This is one of the videos ĠEMMA produced with the Central Bank of Malta in our money matters and the family.
Let me introduce the ĠEMMA family. I am Tony. I am Maria’s husband. I work as a manager in a large business in the services industry. My wife, Maria, is 40 years old and works in her father’s family business. We have two children: Matthias, our son who is 11 years old and is now in secondary school, and Angele, our daughter, who is 17 years old and is finishing upper secondary school this scholastic year.
The other day Tony and I went out for dinner with a couple, long-standing friends of ours. Lorna and Mark, our friends, were distraught. Their son and his wife’s marriage is on the rocks. The stressor is money – or the different attitudes that the couple have to money management. Their son is something like ten years older than his wife. He is more conscious of retirement planning and wants to start putting money aside. He is much taken by the government’s incentive scheme on private pensions – which gives back 25% on a maximum annual contribution of €3,000. This means a monthly saving of €250.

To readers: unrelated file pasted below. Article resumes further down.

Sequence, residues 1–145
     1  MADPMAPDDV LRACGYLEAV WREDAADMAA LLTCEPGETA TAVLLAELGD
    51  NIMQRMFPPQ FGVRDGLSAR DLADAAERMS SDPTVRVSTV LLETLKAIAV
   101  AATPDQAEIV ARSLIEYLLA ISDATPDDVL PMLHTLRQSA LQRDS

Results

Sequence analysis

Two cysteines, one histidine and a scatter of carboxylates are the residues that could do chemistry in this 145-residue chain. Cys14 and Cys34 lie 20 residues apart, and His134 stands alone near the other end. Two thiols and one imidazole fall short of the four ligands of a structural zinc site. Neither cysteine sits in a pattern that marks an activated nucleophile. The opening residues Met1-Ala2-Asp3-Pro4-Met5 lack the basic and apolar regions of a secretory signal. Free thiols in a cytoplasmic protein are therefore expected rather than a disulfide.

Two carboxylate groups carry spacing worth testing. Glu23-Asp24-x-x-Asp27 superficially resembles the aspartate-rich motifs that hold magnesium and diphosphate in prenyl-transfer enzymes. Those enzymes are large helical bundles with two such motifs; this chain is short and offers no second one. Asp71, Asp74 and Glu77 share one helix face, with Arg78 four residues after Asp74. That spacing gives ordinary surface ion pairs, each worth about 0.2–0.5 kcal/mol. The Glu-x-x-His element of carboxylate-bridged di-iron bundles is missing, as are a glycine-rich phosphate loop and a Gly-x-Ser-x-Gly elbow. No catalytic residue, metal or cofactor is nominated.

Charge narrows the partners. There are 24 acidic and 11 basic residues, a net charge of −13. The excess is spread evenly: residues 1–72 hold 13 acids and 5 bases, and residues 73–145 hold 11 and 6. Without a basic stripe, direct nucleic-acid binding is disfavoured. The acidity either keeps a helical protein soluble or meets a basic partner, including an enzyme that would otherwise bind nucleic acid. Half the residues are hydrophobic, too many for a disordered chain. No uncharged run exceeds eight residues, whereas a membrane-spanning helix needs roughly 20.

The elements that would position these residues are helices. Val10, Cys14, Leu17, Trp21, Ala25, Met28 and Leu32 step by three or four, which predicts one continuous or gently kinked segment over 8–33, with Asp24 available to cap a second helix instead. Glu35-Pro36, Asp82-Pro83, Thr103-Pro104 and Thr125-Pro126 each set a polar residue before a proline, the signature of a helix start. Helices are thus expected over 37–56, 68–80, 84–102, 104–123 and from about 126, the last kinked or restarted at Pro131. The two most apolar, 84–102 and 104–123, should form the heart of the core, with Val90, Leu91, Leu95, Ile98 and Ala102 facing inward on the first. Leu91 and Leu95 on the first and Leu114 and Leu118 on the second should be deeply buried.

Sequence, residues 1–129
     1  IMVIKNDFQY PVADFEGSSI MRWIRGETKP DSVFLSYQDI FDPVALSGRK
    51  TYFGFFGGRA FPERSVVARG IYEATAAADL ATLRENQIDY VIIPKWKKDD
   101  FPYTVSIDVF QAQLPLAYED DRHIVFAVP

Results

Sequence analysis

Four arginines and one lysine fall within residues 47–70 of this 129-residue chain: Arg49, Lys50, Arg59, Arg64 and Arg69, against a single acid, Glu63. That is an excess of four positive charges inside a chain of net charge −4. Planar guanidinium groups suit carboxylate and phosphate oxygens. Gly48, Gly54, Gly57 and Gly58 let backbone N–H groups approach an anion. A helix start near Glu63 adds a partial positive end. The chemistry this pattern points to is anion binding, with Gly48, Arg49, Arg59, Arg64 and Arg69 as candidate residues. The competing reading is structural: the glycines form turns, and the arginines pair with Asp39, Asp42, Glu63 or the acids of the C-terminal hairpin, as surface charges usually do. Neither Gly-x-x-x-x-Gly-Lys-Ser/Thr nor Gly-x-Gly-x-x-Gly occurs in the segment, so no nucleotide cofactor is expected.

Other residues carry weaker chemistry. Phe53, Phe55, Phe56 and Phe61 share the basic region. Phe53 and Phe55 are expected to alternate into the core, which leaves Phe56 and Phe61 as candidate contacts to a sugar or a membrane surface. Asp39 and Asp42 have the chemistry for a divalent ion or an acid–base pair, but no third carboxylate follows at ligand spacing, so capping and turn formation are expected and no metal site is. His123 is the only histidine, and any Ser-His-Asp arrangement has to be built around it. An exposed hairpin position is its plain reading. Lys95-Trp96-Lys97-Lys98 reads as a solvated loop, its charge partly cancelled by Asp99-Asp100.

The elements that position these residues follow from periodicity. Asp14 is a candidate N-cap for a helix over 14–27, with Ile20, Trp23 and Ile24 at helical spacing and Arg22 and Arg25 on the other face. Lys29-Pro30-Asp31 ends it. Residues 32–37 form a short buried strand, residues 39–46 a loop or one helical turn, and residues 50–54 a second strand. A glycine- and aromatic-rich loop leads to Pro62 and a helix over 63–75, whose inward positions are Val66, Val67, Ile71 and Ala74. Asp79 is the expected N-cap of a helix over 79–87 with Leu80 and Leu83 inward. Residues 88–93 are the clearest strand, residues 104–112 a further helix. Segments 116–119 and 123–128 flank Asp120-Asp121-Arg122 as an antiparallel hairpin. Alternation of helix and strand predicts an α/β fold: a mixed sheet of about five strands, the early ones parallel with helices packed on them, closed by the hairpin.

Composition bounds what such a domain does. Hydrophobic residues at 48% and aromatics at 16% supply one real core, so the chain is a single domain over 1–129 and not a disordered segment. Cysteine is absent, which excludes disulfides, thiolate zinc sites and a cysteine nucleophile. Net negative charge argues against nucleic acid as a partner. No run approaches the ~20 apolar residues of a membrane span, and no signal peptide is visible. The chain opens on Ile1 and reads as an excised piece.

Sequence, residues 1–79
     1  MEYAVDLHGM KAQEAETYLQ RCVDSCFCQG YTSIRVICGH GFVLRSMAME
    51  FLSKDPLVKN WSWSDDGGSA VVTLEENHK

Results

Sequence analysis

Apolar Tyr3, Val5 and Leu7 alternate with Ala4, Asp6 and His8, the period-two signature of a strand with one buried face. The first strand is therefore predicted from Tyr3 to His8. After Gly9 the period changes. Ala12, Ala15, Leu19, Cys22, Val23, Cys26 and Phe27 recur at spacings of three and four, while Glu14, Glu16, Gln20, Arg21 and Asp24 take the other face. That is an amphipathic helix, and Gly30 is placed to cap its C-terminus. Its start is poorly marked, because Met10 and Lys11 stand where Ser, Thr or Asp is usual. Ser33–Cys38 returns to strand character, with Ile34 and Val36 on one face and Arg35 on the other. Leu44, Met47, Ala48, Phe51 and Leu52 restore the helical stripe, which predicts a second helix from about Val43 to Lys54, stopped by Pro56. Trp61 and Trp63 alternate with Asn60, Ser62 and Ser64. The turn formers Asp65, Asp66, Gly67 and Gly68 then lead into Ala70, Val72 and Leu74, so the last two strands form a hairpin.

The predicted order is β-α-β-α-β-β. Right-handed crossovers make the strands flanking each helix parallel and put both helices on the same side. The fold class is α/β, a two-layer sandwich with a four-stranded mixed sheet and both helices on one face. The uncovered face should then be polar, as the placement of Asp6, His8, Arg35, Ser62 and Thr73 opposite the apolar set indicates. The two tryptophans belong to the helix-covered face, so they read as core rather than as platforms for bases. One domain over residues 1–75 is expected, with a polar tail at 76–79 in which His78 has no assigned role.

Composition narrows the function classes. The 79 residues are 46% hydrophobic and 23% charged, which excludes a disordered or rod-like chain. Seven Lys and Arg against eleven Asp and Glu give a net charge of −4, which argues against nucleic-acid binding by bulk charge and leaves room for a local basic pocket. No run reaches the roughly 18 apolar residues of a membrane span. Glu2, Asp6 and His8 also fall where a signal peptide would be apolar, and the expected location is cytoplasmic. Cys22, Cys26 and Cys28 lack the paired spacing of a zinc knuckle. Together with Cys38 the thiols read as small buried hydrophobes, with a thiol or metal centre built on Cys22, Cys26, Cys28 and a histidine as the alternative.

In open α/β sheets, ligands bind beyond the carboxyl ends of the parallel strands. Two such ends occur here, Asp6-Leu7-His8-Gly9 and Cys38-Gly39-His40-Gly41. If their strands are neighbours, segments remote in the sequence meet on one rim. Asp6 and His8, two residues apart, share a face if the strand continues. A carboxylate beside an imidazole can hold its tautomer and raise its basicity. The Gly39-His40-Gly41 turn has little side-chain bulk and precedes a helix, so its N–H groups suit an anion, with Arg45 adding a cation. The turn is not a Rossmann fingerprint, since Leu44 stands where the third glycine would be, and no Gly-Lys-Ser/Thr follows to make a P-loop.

His wife, on the other hand, being ten years younger, has different priorities. She is much into fashion and beauty. The problem is with the monthly mortgage and a young kid putting aside €250 a month for a future pension squeezes the family’s disposable income big time. She is deadset against limiting some good time to prepare for a future that is so far in the future. At 26 years, in a way, you do not blame her.
She is insisting that if her husband wants to put money for his retirement, then they should stop pooling their income and sharing expenses . Instead they go for separate accounts, and in doing so, he pays for his pension from his own money, whilst managing his remaining disposable income as he wishes
From what Lorna and Mark were saying, it seems that their son and his wife have drawn a line in the sand – each standing his ground and compromise being a goal too far. As Lorna and Mark continued to express their concerns about what was going on in their son’s marriage, I could not but think of the Blog I recently read on the ĠEMMA portal that in the States, 41% of divorces of Generation X couples are about money matters.
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